By all accounts, food journalism is “having a moment.” In 2011, for the first time, the AP Style Guide (a grammatical bible for writers and editors) added its first ever food section. The Oxford English dictionary now includes words like “nom nom,” “foodie,” and “sammich.”

Writing about food, which I’ve done now for just a few months shy of a decade, was never something I set out to do. And, especially at the beginning of my career, it was anything but trendy or glitzy. It was dirty, gritty, and messy – at times quite literally.

I was only about two months in to my job as a reporter at this newspaper when I inherited Farm & Field, a seasonal, weekly column on all Island things farming and a

griculture. I had never written about food. I had never grown anything, except for a plant that I nearly killed every school year and which my mother would nurse back to health every summer.

I didn’t even eat meat.

I was terrified to take over the column, but I started doing my research. I wondered how the Vineyard’s young people learned about their own local agriculture, what life was like on the Island’s only working orchard, and what makes some soil better than others.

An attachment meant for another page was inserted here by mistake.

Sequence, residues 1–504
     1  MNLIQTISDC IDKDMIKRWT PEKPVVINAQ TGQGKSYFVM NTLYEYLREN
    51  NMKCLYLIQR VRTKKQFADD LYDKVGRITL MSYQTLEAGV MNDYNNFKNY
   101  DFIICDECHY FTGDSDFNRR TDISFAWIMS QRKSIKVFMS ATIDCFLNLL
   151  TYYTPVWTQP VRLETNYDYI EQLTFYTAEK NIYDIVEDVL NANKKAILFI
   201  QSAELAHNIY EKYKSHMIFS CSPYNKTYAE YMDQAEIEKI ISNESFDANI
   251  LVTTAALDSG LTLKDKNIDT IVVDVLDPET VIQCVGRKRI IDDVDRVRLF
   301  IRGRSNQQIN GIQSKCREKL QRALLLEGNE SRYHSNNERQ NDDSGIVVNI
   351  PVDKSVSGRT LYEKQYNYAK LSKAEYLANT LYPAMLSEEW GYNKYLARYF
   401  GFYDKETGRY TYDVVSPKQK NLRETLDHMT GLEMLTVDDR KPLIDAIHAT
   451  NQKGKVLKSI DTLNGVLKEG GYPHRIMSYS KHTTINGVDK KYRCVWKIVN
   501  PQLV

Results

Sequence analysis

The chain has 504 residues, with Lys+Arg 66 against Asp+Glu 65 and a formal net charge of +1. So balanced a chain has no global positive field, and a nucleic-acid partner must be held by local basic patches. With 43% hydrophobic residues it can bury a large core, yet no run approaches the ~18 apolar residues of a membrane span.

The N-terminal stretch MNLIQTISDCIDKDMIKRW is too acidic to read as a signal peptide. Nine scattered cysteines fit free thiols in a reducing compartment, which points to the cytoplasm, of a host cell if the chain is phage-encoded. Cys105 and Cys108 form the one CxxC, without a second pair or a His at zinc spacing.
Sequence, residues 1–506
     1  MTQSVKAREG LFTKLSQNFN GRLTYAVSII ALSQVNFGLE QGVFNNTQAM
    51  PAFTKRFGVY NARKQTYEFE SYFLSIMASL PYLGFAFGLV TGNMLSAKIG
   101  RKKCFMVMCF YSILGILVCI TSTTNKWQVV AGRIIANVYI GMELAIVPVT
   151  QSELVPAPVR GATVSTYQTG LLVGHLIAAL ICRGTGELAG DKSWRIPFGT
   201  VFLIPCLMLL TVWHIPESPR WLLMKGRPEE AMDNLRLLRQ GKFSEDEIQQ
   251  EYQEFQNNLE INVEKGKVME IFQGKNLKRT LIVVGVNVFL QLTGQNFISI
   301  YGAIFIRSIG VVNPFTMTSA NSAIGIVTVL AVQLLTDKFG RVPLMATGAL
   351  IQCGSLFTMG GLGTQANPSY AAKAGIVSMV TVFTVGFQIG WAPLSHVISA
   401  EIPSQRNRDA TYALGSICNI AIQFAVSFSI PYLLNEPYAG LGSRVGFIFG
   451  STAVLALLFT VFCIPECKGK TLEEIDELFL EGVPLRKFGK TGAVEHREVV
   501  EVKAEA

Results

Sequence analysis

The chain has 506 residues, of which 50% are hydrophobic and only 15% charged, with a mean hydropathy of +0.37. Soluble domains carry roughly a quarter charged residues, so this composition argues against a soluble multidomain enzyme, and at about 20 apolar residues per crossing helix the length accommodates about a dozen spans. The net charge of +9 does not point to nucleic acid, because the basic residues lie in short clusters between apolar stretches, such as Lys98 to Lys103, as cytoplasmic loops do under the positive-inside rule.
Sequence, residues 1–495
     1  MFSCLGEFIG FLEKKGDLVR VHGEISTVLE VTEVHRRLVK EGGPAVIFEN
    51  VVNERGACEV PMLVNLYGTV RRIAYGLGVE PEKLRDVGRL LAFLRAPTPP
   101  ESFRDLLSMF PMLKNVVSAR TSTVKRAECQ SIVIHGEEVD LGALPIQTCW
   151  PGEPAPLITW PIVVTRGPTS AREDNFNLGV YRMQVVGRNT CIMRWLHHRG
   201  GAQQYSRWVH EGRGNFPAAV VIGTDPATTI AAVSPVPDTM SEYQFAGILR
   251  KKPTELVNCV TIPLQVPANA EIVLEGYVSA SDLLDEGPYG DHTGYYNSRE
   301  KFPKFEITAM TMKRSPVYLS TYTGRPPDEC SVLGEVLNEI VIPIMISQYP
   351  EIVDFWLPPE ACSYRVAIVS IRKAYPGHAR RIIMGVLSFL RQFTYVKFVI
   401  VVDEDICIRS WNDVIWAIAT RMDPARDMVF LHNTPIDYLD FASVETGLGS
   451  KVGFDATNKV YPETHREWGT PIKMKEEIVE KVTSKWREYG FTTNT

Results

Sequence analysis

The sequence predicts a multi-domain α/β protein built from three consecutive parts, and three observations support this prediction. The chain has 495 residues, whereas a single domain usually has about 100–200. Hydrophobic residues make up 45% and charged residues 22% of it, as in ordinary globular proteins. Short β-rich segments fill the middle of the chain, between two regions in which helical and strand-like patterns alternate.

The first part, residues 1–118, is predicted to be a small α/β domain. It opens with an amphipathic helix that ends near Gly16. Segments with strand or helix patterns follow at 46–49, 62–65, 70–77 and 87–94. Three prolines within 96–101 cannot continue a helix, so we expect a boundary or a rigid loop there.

And then there were the dirty, gritty, messy times – waking up before dawn to go out oyster farming on Katama pond, tromping into the fields at Morning Glory Farm, and the disaster my kitchen became after I bought my first tomato plant and, in late August, cut up the juicy fruits of my labor to make bruschetta.

What I discovered in the process was not “the next hot restaurant” or “the new kale.” What I found were stories – about the people and history that make this island what it is, about the importance of land in our local culture, and about how our economy works. Where I happened to find these stories was in food, from the seeds we plant here to the discussions we have about slaughtering our animals. On this Island, the way we talk about food is tied up with our identity; it reinforces our self-sufficiency and connects us to our natural beauty. For me, this is the heart of food journalism: the chance to share stories, to connect, and to dis cover more about ourselves through the places we live and the traditions we hold dear. Writing about food is about more than just buzzwords. The food we grow here binds us in very powerful ways to each other, and learning about where our food comes from encourages us to listen to each other, to savor the small things (like oysters and fresh August corn), and to think about our roots. Julia Rappaport, a former Gazette re porter, is the managing editor of a New England food and cooking magazine.